insulin glargine(redirected from Glargine)
Also found in: Dictionary.
insulin glargine (rDNA origin)
Pharmacologic class: Pancreatic hormone
Therapeutic class: Hypoglycemic
Pregnancy risk category C
Long-acting insulin form. Promotes glucose transport, which stimulates carbohydrate metabolism in skeletal and cardiac muscle and adipose tissue. Also promotes phosphorylation of glucose in liver, where it's converted to glycogen. Directly affects fat and protein metabolism, stimulates protein synthesis, inhibits release of free fatty acids, and indirectly decreases phosphate and potassium.
Injection: 100 units/ml in 10-ml vials and 3-ml cartridges
Indications and dosages
➣ Type 1 (insulin-dependent) diabetes mellitus and type 2 (non-insulin-dependent) diabetes mellitus in patients who need long-acting insulin
Adults and children ages 6 and older: Subcutaneous injection daily at same time each day, with dosage based on blood glucose level
➣ Conversion from another insulin type in patients with type 1 diabetes mellitus who need long-acting insulin
Adults and children ages 6 and older: For patients switching from once-daily NPH or ultralente human insulin, start glargine at same dosage as current insulin dosage. For patients taking twice-daily NPH or ultralente human insulin, reduce initial glargine dosage by approximately 20% of current insulin dosage during week 1; then adjust based on blood glucose level.
➣ Type 2 diabetes mellitus in patients receiving oral hypoglycemics
Adults: Dosage highly individualized based on glucose levels and response
• Hypersensitivity to drug or its components
Use cautiously in:
• pregnant or breastfeeding patients
☞ Be aware that insulin is a high-alert drug.
• Give by subcutaneous route only, at same time each day.
☞ Don't mix in solution with other drugs, including other insulins.
• Before drawing up insulin into syringe, roll vial between hands to ensure uniform dispersion; don't shake.
• Rotate injection sites to prevent lipodystrophy.
Metabolic: rebound hyperglycemia (Somogyi effect), hypoglycemia
Skin: urticaria, rash, pruritus, redness, stinging, or warmth at injection site
Other: edema, lipodystrophy, lipohypertrophy, allergic reactions including anaphylaxis
Drug-drug. Acetazolamide, albuterol, antiretrovirals, asparaginase, calcitonin, corticosteroids, cyclophosphamide, danazol, dextrothyroxine, diazoxide, diltiazem, diuretics, dobutamine, epinephrine, estrogens, hormonal contraceptives, isoniazid, morphine, niacin, phenothiazines, phenytoin, somatropin, terbutaline, thyroid hormones: decreased hypoglycemic effect
Anabolic steroids, angiotensin-converting enzyme inhibitors, calcium, chloroquine, clofibrate, clonidine, disopyramide, fluoxetine, guanethidine, mebendazole, MAO inhibitors, octreotide, oral hypoglycemics, phenylbutazone, propoxyphene, pyridoxine, salicylates, sulfinpyrazone, sulfonamides, tetracyclines: increased hypoglycemic effect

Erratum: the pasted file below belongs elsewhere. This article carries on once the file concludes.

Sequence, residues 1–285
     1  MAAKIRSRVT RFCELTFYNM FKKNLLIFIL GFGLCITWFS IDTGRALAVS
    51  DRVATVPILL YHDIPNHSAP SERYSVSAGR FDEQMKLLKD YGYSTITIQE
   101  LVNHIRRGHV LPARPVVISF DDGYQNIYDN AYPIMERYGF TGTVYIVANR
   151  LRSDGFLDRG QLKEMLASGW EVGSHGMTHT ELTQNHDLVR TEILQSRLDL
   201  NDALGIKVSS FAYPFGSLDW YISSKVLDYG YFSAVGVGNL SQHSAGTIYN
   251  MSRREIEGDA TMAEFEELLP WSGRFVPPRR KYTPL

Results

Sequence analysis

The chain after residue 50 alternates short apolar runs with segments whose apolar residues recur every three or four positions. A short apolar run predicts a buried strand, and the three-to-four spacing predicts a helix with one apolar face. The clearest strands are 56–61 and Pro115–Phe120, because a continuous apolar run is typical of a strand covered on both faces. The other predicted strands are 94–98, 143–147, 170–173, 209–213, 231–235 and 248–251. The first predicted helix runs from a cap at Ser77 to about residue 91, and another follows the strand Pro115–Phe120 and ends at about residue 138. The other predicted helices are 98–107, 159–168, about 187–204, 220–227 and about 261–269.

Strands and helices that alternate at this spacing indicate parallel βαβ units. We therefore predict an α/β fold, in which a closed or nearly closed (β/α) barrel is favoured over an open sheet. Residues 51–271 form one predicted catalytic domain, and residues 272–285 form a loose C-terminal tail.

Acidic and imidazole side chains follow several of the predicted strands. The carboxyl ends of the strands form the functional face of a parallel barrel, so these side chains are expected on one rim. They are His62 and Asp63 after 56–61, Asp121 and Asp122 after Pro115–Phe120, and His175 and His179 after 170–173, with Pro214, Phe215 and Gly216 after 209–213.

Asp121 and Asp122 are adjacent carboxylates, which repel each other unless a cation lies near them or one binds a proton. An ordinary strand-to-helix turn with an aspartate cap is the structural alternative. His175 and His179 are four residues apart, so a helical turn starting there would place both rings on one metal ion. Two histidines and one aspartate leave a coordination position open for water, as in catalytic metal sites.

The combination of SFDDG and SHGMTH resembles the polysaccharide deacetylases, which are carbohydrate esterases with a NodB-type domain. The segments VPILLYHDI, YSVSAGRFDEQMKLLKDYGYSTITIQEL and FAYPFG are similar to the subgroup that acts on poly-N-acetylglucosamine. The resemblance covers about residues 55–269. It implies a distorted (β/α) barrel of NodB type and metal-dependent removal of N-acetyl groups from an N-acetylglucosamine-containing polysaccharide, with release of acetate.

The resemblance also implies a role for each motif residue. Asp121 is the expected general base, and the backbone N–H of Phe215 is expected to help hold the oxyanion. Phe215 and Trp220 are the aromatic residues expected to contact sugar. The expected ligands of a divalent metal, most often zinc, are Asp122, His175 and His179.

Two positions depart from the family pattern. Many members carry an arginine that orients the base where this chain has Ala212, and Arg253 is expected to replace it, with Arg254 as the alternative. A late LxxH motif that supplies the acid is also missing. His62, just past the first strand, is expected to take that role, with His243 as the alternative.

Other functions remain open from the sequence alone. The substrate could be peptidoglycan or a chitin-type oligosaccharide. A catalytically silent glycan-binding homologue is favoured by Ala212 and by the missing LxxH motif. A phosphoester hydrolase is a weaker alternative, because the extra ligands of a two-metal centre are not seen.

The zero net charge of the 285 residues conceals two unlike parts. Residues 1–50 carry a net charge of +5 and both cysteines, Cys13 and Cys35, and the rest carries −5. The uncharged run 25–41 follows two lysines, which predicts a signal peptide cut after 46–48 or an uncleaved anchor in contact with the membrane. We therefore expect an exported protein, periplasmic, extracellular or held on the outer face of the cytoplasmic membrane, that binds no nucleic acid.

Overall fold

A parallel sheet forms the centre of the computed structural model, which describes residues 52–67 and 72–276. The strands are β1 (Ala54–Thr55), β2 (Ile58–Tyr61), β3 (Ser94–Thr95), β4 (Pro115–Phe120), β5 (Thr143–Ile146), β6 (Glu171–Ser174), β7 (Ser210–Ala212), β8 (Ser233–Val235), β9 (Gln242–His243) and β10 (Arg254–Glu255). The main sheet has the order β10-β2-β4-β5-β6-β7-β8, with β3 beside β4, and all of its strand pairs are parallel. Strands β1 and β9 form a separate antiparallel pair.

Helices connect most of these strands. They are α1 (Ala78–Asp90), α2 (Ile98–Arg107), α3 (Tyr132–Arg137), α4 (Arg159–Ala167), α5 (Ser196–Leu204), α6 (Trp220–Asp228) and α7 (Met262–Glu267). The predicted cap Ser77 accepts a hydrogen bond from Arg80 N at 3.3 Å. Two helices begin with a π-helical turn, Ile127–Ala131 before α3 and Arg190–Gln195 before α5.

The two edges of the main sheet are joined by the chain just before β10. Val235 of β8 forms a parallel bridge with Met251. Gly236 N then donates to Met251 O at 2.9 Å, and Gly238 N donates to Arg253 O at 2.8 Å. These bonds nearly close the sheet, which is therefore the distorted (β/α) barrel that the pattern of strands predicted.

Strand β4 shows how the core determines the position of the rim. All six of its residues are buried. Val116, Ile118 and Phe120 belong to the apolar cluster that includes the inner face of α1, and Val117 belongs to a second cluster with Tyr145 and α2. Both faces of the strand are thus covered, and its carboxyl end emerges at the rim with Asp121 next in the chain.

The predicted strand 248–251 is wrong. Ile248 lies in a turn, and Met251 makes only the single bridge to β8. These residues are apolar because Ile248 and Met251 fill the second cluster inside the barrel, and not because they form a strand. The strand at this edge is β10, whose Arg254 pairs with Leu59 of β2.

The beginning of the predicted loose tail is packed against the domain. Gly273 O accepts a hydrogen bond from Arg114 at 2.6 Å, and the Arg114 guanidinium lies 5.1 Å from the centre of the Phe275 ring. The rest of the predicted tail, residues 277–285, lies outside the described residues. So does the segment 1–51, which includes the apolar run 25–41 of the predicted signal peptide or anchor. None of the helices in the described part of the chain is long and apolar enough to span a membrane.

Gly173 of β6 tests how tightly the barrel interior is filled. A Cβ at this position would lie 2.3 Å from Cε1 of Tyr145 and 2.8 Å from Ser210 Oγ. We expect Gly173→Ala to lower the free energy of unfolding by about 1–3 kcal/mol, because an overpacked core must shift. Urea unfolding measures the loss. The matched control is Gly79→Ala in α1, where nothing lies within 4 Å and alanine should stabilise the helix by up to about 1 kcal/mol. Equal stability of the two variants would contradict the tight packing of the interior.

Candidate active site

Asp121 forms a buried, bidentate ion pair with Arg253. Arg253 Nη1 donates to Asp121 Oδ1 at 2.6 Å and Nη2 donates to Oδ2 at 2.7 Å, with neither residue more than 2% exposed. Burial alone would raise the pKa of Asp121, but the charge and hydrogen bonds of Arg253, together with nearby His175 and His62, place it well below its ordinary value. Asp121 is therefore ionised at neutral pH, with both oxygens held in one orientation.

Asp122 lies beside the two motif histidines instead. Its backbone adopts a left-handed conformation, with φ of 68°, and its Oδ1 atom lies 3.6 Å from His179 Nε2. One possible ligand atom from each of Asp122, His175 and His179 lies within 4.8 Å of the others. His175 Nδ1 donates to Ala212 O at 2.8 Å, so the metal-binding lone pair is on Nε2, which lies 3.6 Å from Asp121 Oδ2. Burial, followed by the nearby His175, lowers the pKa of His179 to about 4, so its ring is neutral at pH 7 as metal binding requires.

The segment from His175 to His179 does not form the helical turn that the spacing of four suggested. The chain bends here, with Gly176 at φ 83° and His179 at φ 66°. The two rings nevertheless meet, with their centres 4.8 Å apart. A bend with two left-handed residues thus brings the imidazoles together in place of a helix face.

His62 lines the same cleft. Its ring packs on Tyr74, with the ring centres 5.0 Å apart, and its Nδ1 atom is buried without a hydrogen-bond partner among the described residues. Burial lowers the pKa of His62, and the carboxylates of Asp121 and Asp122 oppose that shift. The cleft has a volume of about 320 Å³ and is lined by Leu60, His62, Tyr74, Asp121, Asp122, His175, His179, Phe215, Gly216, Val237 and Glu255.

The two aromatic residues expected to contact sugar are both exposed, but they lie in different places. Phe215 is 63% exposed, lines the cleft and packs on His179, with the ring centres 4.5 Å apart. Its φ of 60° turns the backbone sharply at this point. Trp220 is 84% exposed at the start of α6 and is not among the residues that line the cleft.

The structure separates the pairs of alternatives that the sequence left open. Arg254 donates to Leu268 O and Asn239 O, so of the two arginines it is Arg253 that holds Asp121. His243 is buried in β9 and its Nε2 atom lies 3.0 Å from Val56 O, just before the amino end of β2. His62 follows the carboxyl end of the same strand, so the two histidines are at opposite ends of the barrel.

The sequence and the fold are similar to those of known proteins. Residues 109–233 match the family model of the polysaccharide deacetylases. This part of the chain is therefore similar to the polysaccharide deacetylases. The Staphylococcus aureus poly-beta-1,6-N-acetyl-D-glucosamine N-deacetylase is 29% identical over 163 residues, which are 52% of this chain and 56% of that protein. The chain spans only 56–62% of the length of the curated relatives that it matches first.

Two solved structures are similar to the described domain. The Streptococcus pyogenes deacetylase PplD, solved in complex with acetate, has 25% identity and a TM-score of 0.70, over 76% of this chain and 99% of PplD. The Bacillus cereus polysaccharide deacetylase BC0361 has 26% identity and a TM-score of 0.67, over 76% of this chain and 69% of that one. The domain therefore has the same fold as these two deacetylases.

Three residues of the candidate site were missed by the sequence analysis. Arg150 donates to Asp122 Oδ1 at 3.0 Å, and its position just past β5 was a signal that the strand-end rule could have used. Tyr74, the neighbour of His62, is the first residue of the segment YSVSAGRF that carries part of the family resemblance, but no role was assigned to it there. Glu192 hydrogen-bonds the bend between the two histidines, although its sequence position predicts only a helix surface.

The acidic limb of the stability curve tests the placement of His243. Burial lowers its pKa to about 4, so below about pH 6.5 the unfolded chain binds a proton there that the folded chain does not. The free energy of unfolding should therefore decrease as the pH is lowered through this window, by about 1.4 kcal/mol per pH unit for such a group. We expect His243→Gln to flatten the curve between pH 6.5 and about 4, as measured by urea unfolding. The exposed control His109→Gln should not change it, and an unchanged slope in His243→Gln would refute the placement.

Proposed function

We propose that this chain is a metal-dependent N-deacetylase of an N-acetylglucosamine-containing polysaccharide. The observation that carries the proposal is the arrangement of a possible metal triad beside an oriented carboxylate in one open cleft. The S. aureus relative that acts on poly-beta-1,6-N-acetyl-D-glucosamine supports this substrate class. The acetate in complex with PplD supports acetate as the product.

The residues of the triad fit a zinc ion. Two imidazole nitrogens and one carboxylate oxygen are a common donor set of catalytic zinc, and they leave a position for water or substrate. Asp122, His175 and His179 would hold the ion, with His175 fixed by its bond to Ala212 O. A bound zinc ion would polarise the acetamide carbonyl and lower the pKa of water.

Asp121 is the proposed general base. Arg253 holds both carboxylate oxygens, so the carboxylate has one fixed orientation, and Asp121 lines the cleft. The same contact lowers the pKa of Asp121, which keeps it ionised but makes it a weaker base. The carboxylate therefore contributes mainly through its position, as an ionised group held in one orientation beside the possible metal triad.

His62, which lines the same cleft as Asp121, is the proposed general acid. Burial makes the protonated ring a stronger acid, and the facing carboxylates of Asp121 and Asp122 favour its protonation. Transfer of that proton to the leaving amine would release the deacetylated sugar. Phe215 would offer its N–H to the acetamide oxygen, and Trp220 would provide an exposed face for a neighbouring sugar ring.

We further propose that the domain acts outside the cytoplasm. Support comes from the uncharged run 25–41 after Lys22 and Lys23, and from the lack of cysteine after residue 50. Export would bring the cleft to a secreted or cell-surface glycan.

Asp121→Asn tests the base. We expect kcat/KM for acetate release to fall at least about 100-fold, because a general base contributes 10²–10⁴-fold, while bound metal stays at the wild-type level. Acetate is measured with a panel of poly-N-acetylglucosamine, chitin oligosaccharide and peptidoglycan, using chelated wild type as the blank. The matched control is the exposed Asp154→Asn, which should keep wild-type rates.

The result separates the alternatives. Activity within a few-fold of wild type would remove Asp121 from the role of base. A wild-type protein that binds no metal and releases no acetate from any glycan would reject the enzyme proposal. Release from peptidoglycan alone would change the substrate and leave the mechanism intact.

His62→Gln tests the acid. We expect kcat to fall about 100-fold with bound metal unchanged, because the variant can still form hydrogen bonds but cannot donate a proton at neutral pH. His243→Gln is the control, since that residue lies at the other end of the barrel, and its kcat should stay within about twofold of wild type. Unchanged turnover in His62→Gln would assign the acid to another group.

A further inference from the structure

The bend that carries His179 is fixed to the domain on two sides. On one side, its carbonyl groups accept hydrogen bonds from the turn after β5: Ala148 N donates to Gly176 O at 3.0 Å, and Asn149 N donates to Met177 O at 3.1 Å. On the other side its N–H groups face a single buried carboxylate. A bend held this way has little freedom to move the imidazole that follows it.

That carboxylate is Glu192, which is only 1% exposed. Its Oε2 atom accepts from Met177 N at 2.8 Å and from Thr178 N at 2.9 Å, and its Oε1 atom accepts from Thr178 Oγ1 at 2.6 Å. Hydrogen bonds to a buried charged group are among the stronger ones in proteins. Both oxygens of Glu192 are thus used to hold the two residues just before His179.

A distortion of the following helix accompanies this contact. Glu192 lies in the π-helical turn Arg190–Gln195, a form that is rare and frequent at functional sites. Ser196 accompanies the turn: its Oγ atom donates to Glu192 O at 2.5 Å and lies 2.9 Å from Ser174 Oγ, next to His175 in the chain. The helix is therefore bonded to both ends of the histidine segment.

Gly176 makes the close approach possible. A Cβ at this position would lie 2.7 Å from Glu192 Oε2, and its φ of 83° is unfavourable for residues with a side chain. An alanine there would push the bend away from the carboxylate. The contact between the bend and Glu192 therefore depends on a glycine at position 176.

Beta-adrenergic blockers (nonselective): masking of some hypoglycemia signs and symptoms, delayed recovery from hypoglycemia
Lithium carbonate: altered hypoglycemic effect
Pentamidine: increased hypoglycemic effect, possibly followed by hyperglycemia
Drug-diagnostic tests. Glucose, inorganic phosphate, magnesium, potassium: decreased levels
Liver and thyroid function studies: test interference
Urine vanillylmandelic acid: increased level
Drug-herbs. Basil, bee pollen, burdock, glucosamine, sage: altered glycemic control
Chromium, coenzyme Q10, dandelion, eucalyptus, fenugreek, marshmallow: increased hypoglycemic effect
Garlic, ginseng: decreased blood glucose level
Drug-behaviors. Alcohol use: increased hypoglycemic effect
Marijuana use: increased blood glucose level
Smoking: increased blood glucose level, decreased response to insulin
• Monitor blood glucose level frequently to assess drug efficacy and appropriateness of dosage.
• Watch blood glucose level closely if patient is converting from one insulin type to another or is under unusual stress (as from surgery or trauma).
☞ Check for signs and symptoms of hypoglycemia (such as CNS changes). Keep glucose source at hand.
☞ Monitor for signs and symptoms of hyperglycemia, such as polydipsia, polyphagia, polyuria, and diabetic ketoacidosis (blood and urine ketones, metabolic acidosis, extremely elevated glucose level, hypovolemia).
• Monitor for glycosuria.
• Closely monitor kidney and liver function test results in patients with renal or hepatic impairment.
• Instruct patient how to administer insulin subcutaneously.
☞ Teach patient how to recognize and report signs and symptoms of hypoglycemia and hyperglycemia. Advise him to always carry glucose source.
• Advise patient to rotate subcutaneous injection sites and keep a record of sites used.
• Teach patient how to monitor and record blood glucose level and, if indicated, urine glucose and ketone levels.
• Inform patient that changes in diet, activity, and stress level can affect blood glucose level and insulin requirements.
• Advise patient to wear medical identification stating that he is diabetic and takes insulin.
• As appropriate, review all other significant and life-threatening adverse reactions and interactions, especially those related to the drugs, tests, herbs, and behaviors mentioned above.
rDNA insulinA single-dose insulin created by recombinant DNA technology.
Hypoglycaemia, lipodystrophy, skin reactions (e.g., local irritation, pruritus, rash).